Data Doctors: Chip-and-PIN is coming, but it’s not here yet

WASHINGTON – A reader asks about chip-and-PIN credit cards: Q: Is there a way for me to make a chip-and-PIN credit card usable only in a chip-and-PIN reader by disabling the magnetic stripe?

A: Chip and PIN refers to the EMV (Europay, MasterCard and Visa) “smart card” that has been adopted in many countries around the world to improve security on credit cards.

“Chip” refers to a computer chip embedded in the card (usually a small metallic square); PIN refers to a personal identification number you would set up to work with the card.

The process is very much like when you use your debit card to make purchases now, but it’s a whole lot more secure.

The current standard in the U.S. is the magnetic stripe, which contains everything necessary for a thief to replicate the card and sell it. That’s why you keep hearing about so many high-profile data breaches and skimming scams in this country.

Hackers have been targeting POS (point-of-sale) systems at major retailers because they want to steal the information necessary for “cloning” credit cards.  The same holds true for skimming scams, where a fake credit card reader is used to swipe the magnetic information on a card, so it can be reproduced.

The EMV process would make these types of hacks pretty useless, because each embedded chip is uniquely encrypted for a specific card and requires the associated PIN, which is not stored on the card.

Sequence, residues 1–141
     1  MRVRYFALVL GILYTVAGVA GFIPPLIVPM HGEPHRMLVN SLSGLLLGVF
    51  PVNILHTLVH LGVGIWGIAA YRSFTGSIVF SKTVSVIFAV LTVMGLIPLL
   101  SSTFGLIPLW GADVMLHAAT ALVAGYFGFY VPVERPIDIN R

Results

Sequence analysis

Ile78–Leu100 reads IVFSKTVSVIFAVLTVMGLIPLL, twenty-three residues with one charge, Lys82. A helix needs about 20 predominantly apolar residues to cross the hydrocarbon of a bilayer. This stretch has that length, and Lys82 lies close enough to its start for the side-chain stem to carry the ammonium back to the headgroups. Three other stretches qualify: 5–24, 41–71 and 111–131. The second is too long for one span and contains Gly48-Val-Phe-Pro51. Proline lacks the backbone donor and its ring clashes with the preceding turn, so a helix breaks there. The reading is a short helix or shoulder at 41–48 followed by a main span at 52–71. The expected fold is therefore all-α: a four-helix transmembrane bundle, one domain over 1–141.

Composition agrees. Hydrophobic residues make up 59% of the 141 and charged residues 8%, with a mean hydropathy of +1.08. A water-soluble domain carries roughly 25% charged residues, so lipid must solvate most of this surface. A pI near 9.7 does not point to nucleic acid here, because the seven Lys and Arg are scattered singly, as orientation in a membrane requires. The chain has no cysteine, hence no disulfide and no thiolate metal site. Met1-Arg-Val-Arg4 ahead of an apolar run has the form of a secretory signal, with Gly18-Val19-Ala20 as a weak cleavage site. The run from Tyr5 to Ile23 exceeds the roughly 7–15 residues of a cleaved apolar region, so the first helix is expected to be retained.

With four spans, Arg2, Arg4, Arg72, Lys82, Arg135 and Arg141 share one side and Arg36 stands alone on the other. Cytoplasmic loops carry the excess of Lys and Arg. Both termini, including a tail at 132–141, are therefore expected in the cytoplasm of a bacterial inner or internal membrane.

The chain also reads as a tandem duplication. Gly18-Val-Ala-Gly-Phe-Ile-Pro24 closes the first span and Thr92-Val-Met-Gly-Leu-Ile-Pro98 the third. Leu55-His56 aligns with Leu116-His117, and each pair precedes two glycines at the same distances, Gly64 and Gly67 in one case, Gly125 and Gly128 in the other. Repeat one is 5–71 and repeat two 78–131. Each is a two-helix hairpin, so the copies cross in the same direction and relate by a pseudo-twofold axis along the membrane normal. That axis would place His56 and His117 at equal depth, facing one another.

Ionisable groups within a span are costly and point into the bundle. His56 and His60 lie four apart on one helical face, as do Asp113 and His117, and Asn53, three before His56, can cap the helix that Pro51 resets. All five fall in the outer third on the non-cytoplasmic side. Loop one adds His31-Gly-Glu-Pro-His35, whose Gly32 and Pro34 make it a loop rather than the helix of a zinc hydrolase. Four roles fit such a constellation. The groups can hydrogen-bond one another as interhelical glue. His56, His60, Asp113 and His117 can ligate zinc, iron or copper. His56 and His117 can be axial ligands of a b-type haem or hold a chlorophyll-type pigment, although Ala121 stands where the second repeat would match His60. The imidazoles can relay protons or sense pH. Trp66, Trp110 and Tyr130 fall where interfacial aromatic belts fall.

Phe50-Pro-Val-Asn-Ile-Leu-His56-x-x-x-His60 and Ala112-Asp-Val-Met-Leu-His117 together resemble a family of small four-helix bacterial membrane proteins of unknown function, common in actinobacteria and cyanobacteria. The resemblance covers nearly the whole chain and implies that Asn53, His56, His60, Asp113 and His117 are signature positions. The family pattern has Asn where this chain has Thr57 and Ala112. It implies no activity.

Unlike magstripe cards, every time an EMV card is used for payment, the chip creates a unique transaction code that cannot be used again.

If a hacker steals the chip information from a specific transaction, card duplication wouldn’t work because the one-time transaction number created for that purchase wouldn’t be usable again.

The U.S. is far behind in adopting this higher security standard (even North Korea is ahead of us!), primarily because of the cost to card issuers and merchants, but that’s about to change.

The industry has mandated that retailers install chip and PIN-compatible card readers by Oct. 1, 2015. Retailers that don’t will be held liable for any fraudulent charges resulting from accepting payments through a magnetic card reader.

This is a huge shift in liability for anyone that accepts credit cards in their business and should not be ignored.

If you travel to many other parts of the world and you don’t have a chipped card, you’re pretty much out of luck — mag-stripe readers don’t exist there anymore.

But, in the U.S., it’s still pretty rare to find retailers that are allowing you to make a purchase using the chip readers at the moment.

If you pay close attention to the credit card terminals in your grocery store or large retailer, you’ll likely see the chip reader slot at the bottom of the terminal, but if you ask to use it, they’ll often tell you that it hasn’t been activated yet.

As far as making your card only usable on EMV terminals, that would make it pretty useless until later this year, so don’t go rubbing a magnet on the magnetic stripe.

There’s no additional financial exposure to you as a consumer by swiping your card — just the hassle of replacing it when someone you do business with gets breached.

Ken Colburn is founder and CEO of Data Doctors Computer Services. Ask any tech question you have on his Facebook page.

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